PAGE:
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08.02.2012 , 02:13 AM |
Title: King and Pawn versus King
Characters: Varrel Umrahiel, Sith Marauder, Malavai Quinn
Notes. Sith Warrior Ch 3 spoilers (pretty obvious from the title):
I wanted to examine “the incident” from my Mwarr’s position, who did not have the emotional baggage of Quinn’s romance. He has different baggage, but still faced the same situation. Varrel has fewer reasons to keep Quinn alive—there’s no sentimentality there, no emotional attachment. This is not the same as having more reasons to kill him (Fwarr wins there hands down). I still wanted to figure out a reason—beyond game mechanics—why Varrel left him alive.
And I get to show Varrel as a bit of a manipulative bastard. He is dark side after all.
Like Morgani, I don’t usually write out the actual class quests, and I paraphrased Quinn’s dialog where it is from the game.
Varrel followed Quinn through the frigate. The unsuspecting frigate. Her crew milled about, ants in a hill, performing their little functions. All very irregular. The crew should not have allowed them to board unopposed. If ordered down, there ought to have been some sort of official welcoming fluff. There was neither. Tension that had nothing to do with the Empire’s wartime footing thrummed in the air. Varrel felt it buzzing about the edges of his awareness like an annoying insect. Quinn’s anxiety was almost palpable. All out of proportion to his stated intent.
Which implied his stated intent had nothing to do with being here.
Which further implied he wanted Varrel here for some other purpose.
There could be only one reason.
Baras was using his last cat’s-paw.
At that moment the pressure doors to the chamber closed. Baras’ trap was sprung. He had no choice but to allow this little charade to play out according to Baras’ script for the time being.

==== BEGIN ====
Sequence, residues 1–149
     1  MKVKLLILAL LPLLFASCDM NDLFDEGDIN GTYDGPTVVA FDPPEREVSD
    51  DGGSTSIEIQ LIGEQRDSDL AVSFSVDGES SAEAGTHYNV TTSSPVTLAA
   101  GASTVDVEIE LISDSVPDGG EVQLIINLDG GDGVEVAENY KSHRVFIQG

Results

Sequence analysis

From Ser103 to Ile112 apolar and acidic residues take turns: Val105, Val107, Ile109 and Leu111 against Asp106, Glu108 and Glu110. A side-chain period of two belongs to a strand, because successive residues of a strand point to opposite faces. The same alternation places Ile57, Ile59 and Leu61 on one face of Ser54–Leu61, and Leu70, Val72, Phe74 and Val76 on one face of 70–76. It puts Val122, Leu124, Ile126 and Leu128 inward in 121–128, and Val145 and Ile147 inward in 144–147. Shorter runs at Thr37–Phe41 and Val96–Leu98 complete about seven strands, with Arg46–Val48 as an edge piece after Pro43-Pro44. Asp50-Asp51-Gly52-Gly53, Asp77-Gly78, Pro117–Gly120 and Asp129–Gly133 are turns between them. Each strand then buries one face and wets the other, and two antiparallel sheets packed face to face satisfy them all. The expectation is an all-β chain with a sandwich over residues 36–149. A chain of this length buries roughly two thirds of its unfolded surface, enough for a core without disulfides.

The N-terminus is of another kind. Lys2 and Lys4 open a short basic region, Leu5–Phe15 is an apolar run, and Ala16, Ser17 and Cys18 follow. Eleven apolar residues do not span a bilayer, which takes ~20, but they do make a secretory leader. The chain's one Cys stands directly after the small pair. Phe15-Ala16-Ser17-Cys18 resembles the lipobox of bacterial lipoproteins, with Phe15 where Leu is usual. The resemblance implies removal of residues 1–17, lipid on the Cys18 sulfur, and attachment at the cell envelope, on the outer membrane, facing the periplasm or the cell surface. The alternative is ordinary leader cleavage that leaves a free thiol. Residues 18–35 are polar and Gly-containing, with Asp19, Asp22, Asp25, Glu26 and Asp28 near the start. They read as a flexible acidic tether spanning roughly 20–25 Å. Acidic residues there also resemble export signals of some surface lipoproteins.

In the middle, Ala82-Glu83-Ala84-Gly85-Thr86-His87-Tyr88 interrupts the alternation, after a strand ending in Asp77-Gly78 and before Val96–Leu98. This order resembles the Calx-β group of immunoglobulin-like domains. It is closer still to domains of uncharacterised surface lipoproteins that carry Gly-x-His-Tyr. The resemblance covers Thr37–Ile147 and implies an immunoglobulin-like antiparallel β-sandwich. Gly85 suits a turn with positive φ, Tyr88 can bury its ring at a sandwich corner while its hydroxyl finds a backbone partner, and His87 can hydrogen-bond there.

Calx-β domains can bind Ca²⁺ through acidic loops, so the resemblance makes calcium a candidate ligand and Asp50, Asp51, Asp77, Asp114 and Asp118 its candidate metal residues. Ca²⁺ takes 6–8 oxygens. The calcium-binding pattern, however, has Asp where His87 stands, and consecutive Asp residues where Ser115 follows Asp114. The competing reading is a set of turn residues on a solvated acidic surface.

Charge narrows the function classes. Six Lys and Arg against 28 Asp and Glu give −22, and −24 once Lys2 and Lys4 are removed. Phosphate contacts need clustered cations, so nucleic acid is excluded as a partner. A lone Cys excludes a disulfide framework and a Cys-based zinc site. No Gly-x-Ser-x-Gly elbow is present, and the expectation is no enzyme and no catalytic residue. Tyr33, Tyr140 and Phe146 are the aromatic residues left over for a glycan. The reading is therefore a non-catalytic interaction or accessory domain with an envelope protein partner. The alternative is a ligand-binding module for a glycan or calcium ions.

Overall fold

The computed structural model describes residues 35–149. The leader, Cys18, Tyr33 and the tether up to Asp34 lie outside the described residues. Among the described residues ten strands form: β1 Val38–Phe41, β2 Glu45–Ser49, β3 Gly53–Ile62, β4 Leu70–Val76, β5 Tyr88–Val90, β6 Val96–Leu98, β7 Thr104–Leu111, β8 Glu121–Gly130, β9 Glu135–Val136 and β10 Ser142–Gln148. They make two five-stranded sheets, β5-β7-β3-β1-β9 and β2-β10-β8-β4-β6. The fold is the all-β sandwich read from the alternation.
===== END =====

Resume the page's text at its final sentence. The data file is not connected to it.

Quinn advanced to the center of the chamber, “My lord,” he began, turning to face Umrahiel, “I regret that our paths must diverge. Out of respect, I wished to be here to witness your fate.”
Umrahiel halted two steps away, “And what fate have you decided, Quinn?” he asked.
“It pains me to say it, but this entire operation has been a ruse. There is no martial law and no transponder beacon. Darth Baras is my true master. I did not want to choose between you, but he has helped immensely over the years, and I am afraid I must side with him. He had me lure you here to be killed.”
Varrel’s eyes narrowed, “I suppose it’s too much to hope that Baras would be here himself.”
“He does not need to. After all this time observing you in battle, I have made an exhaustive study of your strengths and weaknesses,” Quinn stepped aside and a pair of collicoid-style droids stepped out of an alcove as a secondary door opened. “These droids have been programmed specifically to defeat you.”
Varrel evaluated the droids at a glance. They looked like ordinary anti-personnel war droids. He saw no obvious differences in their armament. Quinn must have extreme confidence in his unique programming. His usual style was the
Jar’Kai form, but he calculated he would need more power to penetrate the droids’ armor. That meant a single saber with all his strength behind it. And two opponents, armed with ranged weapons.
A single blade. That meant
forms. He saw
twelve: ‘Defeating bandits waiting in ambush’.
“You will find I am not so easily dispatched,” he said.